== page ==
Products & Mobile Apps

Rajneesh Mittal

12/17/20232 min read

For internet-age companies – the born digital ones – mobile/web apps are the center of their existence. The app replete with all the modern design elements, the swanky dashboards, smooth videos, friction-less this and frictionless-that, seamless journeys and all the razzmatazz takes up a vast majority of bandwidth, resources and mindshare. Some bit of this is obviously understandable given the app is primary conduit to conduct various business activities from acquisition, retention, service delivery and engagement. But given the mindspace tech occupies these days, we sometimes forget that app is “not” the product. Its just a means to envision and execute a broader product vision. That broader product vision takes a backseat as we get lulled into thinking that app is “the product”. It’s not.

Would you choose a bank based on the swanky dashboards on a neo-banking app or because you trust that bank with your money? Would you buy medicines online that get delivered in 24 hours with a seamless UX or from your local chemist who can send those across in 30 minutes? Would you enroll for an online ML course because of a super feature rich learning app or learn it from Andrew Ng? Would you buy your grocery at 25% discount from a so-so app or pay MRP for a slick app experience?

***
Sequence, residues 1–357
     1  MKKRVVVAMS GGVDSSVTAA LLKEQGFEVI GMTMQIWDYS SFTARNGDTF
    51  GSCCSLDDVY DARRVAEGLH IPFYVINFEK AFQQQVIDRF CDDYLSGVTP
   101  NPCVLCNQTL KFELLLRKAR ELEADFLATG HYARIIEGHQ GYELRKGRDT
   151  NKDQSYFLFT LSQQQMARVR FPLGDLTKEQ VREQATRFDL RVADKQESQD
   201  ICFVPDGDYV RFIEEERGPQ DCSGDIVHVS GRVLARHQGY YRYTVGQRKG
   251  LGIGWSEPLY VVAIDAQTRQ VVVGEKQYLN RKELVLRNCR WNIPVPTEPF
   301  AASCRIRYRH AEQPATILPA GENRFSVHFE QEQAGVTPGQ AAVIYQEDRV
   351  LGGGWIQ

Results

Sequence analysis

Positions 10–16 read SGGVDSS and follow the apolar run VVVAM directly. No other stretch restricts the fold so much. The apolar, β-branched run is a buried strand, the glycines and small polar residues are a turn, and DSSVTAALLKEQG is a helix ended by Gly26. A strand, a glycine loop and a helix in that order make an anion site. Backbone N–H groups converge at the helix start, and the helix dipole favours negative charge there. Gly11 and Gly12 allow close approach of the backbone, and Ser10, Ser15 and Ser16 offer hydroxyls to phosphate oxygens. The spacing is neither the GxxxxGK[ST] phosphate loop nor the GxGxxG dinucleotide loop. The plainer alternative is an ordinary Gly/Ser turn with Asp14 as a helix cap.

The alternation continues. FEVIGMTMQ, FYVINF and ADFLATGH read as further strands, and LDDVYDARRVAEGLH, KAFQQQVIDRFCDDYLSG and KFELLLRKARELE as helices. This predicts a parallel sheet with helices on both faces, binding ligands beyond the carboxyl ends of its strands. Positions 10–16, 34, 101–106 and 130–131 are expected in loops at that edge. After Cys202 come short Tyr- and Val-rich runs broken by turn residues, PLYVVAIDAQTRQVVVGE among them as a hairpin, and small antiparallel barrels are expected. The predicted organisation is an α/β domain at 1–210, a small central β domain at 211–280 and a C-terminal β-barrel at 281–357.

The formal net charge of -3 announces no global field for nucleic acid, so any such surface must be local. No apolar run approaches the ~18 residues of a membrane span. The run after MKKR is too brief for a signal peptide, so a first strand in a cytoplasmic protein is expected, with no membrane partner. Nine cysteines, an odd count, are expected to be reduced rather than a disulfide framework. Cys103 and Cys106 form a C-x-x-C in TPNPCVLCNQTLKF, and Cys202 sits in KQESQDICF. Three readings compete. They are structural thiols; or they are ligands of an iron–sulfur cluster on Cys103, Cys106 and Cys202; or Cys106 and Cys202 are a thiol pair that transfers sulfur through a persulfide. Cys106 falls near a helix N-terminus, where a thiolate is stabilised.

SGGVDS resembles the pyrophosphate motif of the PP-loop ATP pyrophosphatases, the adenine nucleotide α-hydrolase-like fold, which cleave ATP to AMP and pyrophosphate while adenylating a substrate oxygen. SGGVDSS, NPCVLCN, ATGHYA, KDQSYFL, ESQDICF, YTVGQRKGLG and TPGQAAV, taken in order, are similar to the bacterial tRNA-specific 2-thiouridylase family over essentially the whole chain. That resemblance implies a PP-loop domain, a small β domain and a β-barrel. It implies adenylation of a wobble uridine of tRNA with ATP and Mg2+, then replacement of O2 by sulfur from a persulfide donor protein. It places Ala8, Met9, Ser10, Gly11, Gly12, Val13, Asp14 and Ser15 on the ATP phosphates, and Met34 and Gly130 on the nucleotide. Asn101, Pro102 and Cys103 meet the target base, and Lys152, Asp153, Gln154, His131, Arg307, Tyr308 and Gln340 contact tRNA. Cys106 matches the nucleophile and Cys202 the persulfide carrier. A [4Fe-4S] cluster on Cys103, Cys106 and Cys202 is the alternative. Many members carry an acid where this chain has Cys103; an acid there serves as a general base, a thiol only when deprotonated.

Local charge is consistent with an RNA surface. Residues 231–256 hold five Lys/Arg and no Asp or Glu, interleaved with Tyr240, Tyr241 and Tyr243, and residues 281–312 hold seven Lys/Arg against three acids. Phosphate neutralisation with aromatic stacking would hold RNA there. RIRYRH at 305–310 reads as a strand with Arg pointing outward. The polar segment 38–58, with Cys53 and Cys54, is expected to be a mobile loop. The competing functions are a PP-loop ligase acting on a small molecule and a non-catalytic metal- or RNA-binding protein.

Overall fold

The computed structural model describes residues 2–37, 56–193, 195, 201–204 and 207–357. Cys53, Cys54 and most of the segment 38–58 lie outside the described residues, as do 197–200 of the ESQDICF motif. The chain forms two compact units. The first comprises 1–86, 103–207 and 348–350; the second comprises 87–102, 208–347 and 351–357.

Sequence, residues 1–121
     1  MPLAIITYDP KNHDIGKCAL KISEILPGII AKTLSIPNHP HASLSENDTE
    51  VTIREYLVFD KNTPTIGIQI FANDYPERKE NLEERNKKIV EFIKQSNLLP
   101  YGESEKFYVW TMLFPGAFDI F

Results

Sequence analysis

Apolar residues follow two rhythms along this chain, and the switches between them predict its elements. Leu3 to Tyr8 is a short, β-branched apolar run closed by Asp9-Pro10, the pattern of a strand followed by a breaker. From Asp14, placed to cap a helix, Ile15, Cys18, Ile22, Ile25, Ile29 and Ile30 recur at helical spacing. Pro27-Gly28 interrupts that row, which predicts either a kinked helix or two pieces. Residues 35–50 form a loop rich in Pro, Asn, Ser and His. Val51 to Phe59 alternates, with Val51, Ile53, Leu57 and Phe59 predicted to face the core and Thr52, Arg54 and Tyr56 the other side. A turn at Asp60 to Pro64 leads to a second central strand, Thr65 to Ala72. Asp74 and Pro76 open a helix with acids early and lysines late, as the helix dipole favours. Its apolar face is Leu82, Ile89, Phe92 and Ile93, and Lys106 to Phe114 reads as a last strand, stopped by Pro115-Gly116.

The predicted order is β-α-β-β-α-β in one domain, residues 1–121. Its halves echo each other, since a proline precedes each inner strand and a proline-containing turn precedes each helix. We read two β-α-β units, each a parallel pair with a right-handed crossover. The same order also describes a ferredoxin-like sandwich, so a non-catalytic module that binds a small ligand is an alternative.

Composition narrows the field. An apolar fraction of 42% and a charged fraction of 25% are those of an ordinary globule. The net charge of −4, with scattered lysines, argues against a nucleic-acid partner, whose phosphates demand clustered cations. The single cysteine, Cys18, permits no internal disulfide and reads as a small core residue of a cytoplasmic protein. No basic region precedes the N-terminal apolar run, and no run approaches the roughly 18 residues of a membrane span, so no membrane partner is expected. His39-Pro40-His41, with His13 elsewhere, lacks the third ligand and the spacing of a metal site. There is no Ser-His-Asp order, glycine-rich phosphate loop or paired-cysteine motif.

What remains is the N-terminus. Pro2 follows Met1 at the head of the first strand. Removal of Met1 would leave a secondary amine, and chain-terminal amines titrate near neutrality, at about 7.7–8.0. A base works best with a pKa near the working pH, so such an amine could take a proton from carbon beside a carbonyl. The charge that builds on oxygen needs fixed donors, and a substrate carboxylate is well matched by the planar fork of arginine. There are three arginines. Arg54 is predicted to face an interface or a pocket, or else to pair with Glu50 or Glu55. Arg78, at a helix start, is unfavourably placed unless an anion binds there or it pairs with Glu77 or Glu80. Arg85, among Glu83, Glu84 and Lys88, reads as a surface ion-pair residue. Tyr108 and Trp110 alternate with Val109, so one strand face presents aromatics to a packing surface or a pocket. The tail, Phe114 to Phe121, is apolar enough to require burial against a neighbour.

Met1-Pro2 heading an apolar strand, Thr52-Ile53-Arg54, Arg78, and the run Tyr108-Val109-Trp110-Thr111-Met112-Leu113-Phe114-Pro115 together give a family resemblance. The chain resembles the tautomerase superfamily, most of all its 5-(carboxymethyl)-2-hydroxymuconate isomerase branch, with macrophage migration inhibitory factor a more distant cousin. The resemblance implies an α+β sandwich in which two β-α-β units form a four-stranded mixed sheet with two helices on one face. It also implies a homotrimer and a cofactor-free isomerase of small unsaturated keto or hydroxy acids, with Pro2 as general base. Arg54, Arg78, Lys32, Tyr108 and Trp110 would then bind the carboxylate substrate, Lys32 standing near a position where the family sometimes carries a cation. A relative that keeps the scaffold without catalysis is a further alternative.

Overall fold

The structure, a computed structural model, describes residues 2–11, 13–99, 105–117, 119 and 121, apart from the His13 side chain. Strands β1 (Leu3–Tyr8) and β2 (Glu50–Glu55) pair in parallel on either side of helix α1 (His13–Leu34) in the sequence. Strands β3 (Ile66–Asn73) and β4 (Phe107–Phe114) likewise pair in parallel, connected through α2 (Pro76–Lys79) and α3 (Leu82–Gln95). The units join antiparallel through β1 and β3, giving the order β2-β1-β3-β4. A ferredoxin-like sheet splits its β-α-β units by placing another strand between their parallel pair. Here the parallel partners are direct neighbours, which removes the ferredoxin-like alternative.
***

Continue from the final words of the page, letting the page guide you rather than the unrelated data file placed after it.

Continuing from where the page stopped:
No doubt apps are very critical and they can let you scale business like probably no other vehicle, but these are rather hygiene, aren’t they? Consumers don’t come to you because of these apps, but they can definitely shy away if basic experiences are not in order. That said, apps are part of a bigger ecosystem, a bigger product, a comprehensive proposition that business is driving at.

Young startups have shown a marvellous direction to older businesses in terms of how to do customer experiences, how to do online, how to do apps. It’s pleasing to see that legacy businesses are covering up the lost ground. And boy they are doing it at a pretty fast clip. Look at banks eg - they have spruced up their web and mobile app game in last couple of years. They had the advantage of solid products all along and they peppered it with modern CX just right, not overdoing it. No need. And now they are so much stronger than ever.

Products need more hard work, more time, more attention. In the prevailing tech thaw, the bare apps will melt but products won’t.